Review: Ingrid Goes West – Are Instagram ‘influencers’ the real monsters?

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My frustration at not seeing Ingrid Goes West sooner is matched only by my delight at having finally done so. Aubrey Plaza, whom I love (Parks & Rec!), plays unhinged one moment, socially awkward the next better than anyone else I can think of (have you seen Legion!?). The knowing portrayal of a certain type of California social media bohemian by Elizabeth Olsen manages both pinpoint accuracy and razor parody.

But the way the writers/director/cast refrain from fully picking a side makes this movie special. They could have fallen into the trap of stalker movie cliché pretty easily, and this could have ended at bad melodrama. Lonely weird girl tries way too hard to befriend internet obsession, craziness ensues.

Instead, this film shows sympathy for Ingrid. She’s not well, ok, but she really just wants some friends. Meanwhile Olsen’s Taylor is no innocent; she’s manipulative, insincere, and most of all a hollow mask of perfection. Her social media life cries out for constant attention, asks for you to “follow” her, to “feel” like her friend along for the perfectly bourgeois ride. But then Taylor the person pushes away anyone who gets too close if they’re not good for her diligently curated “brand”.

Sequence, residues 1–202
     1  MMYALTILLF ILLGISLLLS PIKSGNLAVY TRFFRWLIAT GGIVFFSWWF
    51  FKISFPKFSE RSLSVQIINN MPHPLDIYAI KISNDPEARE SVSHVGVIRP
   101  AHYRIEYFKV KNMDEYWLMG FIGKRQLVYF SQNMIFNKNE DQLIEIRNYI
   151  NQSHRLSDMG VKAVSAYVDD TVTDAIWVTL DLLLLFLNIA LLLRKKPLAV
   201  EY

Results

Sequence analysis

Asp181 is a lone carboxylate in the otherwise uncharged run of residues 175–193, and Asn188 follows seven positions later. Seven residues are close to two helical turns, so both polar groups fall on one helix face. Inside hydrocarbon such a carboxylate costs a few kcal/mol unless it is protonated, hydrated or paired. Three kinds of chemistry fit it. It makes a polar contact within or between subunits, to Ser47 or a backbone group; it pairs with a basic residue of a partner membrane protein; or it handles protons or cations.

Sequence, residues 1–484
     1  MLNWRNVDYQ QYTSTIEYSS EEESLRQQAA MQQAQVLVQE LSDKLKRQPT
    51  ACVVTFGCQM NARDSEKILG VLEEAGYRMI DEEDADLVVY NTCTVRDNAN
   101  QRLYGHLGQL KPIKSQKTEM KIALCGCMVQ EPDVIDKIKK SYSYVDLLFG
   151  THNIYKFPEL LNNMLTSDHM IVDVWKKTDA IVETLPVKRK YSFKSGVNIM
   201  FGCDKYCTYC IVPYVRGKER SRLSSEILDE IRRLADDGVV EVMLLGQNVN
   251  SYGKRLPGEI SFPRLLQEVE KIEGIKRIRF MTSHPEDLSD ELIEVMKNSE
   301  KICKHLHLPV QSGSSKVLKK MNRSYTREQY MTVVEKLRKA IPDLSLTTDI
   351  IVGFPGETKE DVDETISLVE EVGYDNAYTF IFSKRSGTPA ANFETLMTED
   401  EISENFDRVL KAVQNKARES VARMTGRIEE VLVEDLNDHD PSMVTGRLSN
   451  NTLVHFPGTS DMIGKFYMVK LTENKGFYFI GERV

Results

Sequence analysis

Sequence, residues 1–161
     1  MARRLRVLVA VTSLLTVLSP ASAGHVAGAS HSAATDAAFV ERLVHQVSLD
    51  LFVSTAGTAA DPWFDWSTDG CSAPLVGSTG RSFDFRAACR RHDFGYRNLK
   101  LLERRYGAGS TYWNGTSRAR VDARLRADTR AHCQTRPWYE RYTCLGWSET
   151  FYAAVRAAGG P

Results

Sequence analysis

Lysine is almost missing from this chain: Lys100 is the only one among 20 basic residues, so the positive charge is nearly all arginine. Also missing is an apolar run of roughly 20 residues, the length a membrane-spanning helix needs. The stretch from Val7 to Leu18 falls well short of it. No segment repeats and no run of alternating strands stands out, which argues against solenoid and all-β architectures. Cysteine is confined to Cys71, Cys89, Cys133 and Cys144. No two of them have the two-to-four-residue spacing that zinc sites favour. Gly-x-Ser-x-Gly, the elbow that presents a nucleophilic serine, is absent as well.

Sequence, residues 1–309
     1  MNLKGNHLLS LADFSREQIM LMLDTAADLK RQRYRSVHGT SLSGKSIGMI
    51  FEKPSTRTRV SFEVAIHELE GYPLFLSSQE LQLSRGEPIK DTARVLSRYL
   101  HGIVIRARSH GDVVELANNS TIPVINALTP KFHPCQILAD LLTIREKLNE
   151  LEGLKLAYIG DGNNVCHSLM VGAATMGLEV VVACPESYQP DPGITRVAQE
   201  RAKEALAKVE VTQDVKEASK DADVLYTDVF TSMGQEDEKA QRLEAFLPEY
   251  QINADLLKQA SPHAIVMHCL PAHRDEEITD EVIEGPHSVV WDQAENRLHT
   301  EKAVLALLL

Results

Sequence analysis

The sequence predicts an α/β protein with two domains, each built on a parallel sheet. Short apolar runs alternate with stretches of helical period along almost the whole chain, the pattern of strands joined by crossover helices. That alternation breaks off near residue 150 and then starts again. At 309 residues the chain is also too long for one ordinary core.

Ingrid suffers from depression and could get better, though the film’s ending suggests otherwise. Taylor, on the other hand, will likely only ever get worse. If that’s the case, who’s the real villain?

Are social media influencers monsters?

Do they sort of have to be to become one in the first place?

Is it possible to befriend someone you start off following on the internet, or with someone who starts off following you?